December 22, 2015
It is not an uncommon fear in today’s economy, despite the consistent recovery since the recession hit in 2008 – losing your job at the age of 50 or older. While a variety of emotions may pour in after a devastating job loss, it is important to not allow anger and fear overwhelm you. There is no doubt that some self-discovery will occur over the next several months of job-hunting, and it is important to make sure this chapter in your career is closed properly so that you can move forward.
Steps To Take Before the Dust Settles
After allowing yourself some time to get over the shock of having to re-enter the workforce, it is important to do the following in an effort to tie up loose ends:
- Work through your emotions: whether it’s anger, fear, despair or any other understandable emotion, do not try to suppress these real feelings even if the lay off may not have been “personal”;
- Do not leave money on the table: if you are eligible, apply for unemployment benefits right away and cash out on any other employee compensation or benefits to which you are entitled.
- Get help with your resume: for anyone during their career – whether employed or looking for work – it is important to keep your resume updated and fresh. The best way to do this is to have an objective eye look over your credentials.
- Go see your accountant: if you had the good fortune of receiving a severance package that is not contingent upon filing for unemployment, make sure everything transfers over including any retirement funds such as 401(k).
- Update Your Digital Profile: most employers today search for potential candidates on all social media outlets such as Google+, LinkedIn, Facebook and Twitter, among others. Make sure your profile sells your best attributes and do not hesitate to solicit solid professional endorsements.
Things to do While Looking for Work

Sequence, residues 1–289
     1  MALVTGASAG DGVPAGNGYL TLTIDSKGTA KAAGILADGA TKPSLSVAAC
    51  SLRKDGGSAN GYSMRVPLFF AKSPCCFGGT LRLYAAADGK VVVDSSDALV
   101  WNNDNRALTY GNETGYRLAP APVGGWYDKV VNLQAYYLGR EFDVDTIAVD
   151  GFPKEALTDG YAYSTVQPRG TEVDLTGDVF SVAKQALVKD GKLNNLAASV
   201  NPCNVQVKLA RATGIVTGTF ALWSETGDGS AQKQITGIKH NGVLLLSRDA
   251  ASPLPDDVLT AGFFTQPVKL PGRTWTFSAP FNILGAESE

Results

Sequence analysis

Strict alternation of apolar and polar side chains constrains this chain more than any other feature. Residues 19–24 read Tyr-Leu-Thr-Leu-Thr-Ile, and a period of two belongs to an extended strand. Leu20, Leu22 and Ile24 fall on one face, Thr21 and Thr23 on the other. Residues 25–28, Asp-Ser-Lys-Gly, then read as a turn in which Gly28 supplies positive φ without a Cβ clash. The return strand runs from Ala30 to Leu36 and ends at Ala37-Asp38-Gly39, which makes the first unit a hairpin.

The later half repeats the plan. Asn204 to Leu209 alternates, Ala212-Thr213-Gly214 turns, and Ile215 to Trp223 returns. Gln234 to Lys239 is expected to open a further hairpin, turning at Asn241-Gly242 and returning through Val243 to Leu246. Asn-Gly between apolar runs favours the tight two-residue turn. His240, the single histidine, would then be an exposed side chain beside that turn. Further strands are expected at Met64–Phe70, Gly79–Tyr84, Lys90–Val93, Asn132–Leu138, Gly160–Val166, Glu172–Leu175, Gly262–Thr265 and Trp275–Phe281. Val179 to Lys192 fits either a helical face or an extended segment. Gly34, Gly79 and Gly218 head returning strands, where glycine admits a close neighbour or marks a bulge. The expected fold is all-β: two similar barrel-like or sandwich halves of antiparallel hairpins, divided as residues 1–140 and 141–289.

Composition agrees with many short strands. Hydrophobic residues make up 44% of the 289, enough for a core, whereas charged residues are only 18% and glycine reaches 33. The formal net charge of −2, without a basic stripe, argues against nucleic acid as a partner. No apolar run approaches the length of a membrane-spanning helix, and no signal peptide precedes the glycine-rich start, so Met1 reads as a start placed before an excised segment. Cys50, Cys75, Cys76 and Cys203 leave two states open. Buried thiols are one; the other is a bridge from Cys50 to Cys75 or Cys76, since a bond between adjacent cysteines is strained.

Beyond the above, below are several tips you can put to use while searching for employment and when going on interviews if you are 50 or older and have recently lost your job:
- Show How You Can Successfully Work for a Younger Boss – unfortunately, recruiters and companies alike may have concerns an older worker may have difficulties reporting to a younger supervisor no matter who the friction stems from. Citing specific ways in which a seasoned worker’s skills and experience can compliment a younger boss will go far both during the interview and at the workplace;
- Pre-empt the Age Concern – while federal and state law prohibits discrimination based on age (specifically for those 40 and older) there is no doubt that this issue is the elephant in the room when it comes to interviewing or even updating your resume;
- Emphasize Flexible Management or Work Ethic – in an effort to thwart the misconception that workers in their 50s are “set in their ways,” it is important to highlight the ability to adapt to different cultures, perspectives and age groups in the workplace;
- Display Interest in an Adjustable Pay Structure – being older may provide the foresight of taking a lower salary up front in exchange for performance-based pay or even equity ownership in the company. Thinking outside the box can help you have a competitive edge against younger workers vying for the same position; and
- Corporate Experience Can Benefit Small Business – because it is not uncommon for executives with decades of work experience to be viewed as too “corporate,” the best way to counter this view is to focus on times when a project or event required a lean budget and small groups in order to better relate to a smaller potential employer.
Employment Lawyers NYC
If you or someone you know has recently lost work due to his or her age – or is dealing with any other employment law issue – contact skilled employment lawyers in NYC to help you learn about your rights under federal and state laws. Contact one of our New York employment attorneys today for a free consultation. Call us at 212.967.3000.